She was tidy with her cigarettes in this little house on Fillmore Street keeping in her possession a silent butler to do away with the ashes of her glass ashtrays that were on every surface of each table, next to the piano, on the television, in her coral bathroom. Her silent butler, silver with hinged cover and wood handle, was so important a contrivance to maintain order that she bought one each for her daughters when they came of age and moved away. At least that’s what I’ve been told; my mother never gave me one, though I could have used one just fine, emptying my own ashes from its embossed and plated etchings. A useful utility, now nothing but a modest impression to remember. Such a “handsome canyon,” as one Santa Fe newspaper called it, for cigarette debris and necessary because everyone smoked all the time—rooms filled with smoke and people and drink, the scent clinging to the walls, an era of sophistication and cigarettes now gone to the past recalled only in film or books or story. Even city buildings, places of business, lawyers’ offices kept them handy for their professionals and clients because everyone carried cigarettes; you walked into an office with a cigarette in your hand. It was an expectation, I suppose. It is rare now to enter a building where people smoke, even bars have done away with the allowance. My grandmother was from this generation that smoked regularly, almost insistently, before research gave us an understanding of what would surely be our early deaths from heart disease, cancer. Things we don’t like to talk about. And now, smoking is less of a fancy—we all know how it kills. But back then, I liked to flip the lid, smell the ashes of the discarded cigarettes, inhale the residue of every late night party of aunts and uncles and cousins. I liked to consider the stale scent of a cigarette, push my finger around the bowl, wonder about its constancy. The silent butlers, they were always there, in every room as I colored and marked up books of pictures on the floor—Mickey Mouse, Cinderella, or Daffy Duck to some degree.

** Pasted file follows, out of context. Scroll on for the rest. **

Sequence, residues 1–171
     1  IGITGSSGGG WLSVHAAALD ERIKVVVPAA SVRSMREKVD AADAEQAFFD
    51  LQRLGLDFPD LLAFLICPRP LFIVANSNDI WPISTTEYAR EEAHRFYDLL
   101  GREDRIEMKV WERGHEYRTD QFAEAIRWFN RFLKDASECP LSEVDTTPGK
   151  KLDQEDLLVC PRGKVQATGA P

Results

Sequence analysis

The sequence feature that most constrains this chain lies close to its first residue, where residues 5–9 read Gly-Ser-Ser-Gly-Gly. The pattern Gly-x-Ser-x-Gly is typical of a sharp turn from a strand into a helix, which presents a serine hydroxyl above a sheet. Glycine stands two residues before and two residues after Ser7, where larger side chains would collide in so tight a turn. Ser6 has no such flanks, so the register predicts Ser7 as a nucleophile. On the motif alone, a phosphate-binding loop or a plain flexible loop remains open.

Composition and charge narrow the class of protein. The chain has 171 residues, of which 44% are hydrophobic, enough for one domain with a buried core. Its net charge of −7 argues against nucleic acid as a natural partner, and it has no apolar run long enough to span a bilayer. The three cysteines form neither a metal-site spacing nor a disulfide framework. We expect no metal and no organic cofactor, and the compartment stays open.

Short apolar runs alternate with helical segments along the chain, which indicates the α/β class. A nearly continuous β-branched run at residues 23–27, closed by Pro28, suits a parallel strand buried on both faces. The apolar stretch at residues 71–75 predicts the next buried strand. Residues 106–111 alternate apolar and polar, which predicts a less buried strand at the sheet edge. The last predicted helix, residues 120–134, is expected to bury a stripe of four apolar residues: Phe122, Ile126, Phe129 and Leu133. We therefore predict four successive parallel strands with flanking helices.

If I know anything, I know that smoke lingered in the air, constant and smug, swirling through the golden shades of all the windows. Always, the ladies around the table—my mother and grandmother, my aunts with their shorts and sandals. Gin and tonics, wine, cheap beer from cans. And sometimes, the quiet hushed voices that came low after I was tucked into bed, my room the first down the thin hallway with a closet of my grandfather’s old suits and my grandmother’s glitter and sparkle dresses that I fingered in the dark. I heard the women late into the night—making drinks, pouring wine, lighting more cigarettes, whispering or not. Sometimes there was a raised voice and a tension that stuck to the air. Could they have been arguing about my father? Or someone’s lover? Or me? Did they talk about me? I froze, looked up at the black and white photos on the wall, pictures of people I had never known and never would, all of them dressed in strange knee-length skirts and saddle shoes until the silence shut and a voice would take up, maybe my mother’s, and the laughing commenced, the strain released to the drinks for just a little while longer. I climbed back into bed then, fell asleep trying to decipher the tones and mutterings of the women, wondering if we’d go swimming in the morning and what I’d have for lunch and if my grandmother would brush my hair, for a long time I hoped, while her cigarette smoked in the ashtray and burned away the day in its expanse and run of hours and seconds and time.